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Common Herb Species of the Northwest Forest

TREES

SHRUBS

GRAMINOIDS

FERNS & FERN-ALLIES

BROPHYTES & LICHENS

GLOSSARIES
Terminology | Pictorial

   
Epilobium angustifolium
Fireweed
Onagraceae (Evening Primrose Family)

Fireweed Description

General - a tall, erect perennial from rhizome-like roots; stems usually unbranched, growing 30 cm to 2 metres tall, even to 3 m.

Leaves - alternate; 5 - 15 cm long, narrowly lance-shaped, tapering at the base; margins entire or slightly toothed; densely crowded on the stem; paler colour and conspicuous veins beneath.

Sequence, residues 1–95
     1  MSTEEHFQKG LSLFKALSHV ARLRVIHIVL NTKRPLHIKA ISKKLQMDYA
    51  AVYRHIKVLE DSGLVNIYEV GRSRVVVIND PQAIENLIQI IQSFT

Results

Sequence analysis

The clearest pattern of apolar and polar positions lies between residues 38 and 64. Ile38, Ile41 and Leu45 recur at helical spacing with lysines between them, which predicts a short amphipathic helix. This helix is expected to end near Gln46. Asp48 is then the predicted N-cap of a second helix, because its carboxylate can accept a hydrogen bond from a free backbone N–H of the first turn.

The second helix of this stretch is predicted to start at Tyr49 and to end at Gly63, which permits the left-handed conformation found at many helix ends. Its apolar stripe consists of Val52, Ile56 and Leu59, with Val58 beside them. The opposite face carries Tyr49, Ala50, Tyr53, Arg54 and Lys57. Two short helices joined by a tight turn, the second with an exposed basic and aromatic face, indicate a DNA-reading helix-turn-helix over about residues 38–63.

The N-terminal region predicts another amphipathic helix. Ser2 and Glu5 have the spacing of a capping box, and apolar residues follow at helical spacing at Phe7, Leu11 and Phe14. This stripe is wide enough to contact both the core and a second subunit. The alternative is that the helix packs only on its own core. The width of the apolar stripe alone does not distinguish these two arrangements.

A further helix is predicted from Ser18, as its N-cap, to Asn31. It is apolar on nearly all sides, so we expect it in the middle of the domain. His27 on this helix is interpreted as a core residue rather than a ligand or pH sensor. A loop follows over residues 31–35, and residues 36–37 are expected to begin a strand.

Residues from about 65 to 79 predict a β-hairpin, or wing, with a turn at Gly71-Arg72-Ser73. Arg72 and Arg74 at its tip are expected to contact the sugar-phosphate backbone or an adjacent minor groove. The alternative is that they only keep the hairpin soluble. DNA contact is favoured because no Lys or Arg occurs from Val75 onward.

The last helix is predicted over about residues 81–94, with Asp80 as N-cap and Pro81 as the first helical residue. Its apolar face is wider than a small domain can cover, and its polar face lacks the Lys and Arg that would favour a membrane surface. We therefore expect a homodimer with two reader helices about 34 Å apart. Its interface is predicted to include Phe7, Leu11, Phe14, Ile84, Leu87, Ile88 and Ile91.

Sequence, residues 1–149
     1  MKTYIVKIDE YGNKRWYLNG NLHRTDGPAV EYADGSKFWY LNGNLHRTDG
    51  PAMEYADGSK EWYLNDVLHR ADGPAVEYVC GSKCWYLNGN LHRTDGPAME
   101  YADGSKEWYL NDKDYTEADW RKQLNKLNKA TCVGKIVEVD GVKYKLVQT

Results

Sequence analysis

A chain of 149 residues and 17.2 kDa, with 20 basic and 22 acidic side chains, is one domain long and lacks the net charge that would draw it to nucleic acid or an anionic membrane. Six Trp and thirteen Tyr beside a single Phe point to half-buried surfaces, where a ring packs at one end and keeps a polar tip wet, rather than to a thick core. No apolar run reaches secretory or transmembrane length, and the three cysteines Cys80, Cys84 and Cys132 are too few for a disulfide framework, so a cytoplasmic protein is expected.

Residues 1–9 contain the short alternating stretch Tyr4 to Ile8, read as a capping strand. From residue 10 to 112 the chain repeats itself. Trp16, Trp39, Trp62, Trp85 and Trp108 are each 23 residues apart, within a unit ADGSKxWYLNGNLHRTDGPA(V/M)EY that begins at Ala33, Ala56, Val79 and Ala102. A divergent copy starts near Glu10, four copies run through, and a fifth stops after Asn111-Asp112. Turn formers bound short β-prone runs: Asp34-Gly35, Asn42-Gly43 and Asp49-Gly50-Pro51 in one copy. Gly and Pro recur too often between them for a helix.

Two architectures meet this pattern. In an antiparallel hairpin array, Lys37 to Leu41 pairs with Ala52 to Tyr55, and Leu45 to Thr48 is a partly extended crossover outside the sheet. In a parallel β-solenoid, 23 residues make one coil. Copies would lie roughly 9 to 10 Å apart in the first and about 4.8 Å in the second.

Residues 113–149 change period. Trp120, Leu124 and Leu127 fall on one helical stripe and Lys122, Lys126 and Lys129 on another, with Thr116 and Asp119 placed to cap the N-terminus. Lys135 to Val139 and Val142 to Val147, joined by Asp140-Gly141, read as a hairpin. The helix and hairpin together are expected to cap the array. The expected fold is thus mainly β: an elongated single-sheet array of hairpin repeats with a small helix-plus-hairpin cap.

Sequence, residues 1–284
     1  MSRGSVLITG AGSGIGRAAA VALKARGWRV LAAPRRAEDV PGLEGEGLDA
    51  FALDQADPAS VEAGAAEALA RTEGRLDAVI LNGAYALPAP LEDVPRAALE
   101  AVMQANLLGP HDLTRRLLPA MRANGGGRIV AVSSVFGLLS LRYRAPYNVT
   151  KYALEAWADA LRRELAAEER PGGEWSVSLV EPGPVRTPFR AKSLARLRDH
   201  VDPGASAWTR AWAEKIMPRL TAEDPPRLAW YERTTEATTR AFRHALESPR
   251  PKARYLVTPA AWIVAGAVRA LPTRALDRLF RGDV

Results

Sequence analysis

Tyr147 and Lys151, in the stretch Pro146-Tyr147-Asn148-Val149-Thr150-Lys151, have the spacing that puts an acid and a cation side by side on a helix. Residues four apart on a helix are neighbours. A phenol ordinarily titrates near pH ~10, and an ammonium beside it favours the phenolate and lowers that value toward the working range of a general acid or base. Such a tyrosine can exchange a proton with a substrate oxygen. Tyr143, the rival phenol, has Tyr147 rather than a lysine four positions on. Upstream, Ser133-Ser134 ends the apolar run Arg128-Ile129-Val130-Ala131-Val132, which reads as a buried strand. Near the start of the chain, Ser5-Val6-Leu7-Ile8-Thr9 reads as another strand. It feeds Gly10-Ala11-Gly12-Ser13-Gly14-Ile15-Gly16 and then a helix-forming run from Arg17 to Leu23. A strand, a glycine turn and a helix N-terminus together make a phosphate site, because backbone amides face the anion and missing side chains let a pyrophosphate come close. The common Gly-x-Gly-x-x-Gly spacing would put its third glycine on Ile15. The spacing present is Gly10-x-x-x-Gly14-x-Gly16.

Flowers - in a long, dense, terminal spike; individual flowers large (about 2 cm across), showy, with 4 magenta (rarely white) petals; lowest flowers opening first; appearing in later stages of summer.

Fruit -long, up to 7 cm, narrow, green to purple pod opening to release numerous silky-haired seeds; ripening in late summer.

Habitat

Occasional, solitary or scattered in forest habitats; especially in upland pine and spruce stands; often in abundance in cleared or burned areas.

Notes

Stems used for thread or fibre, young shoots as a nutritious vegetable (high in Vitamins A and C). Fireweed is an early colonizer of burned and disturbed areas. It was one of the first plants to appear in bomb sites during the London Blitz of World War II.







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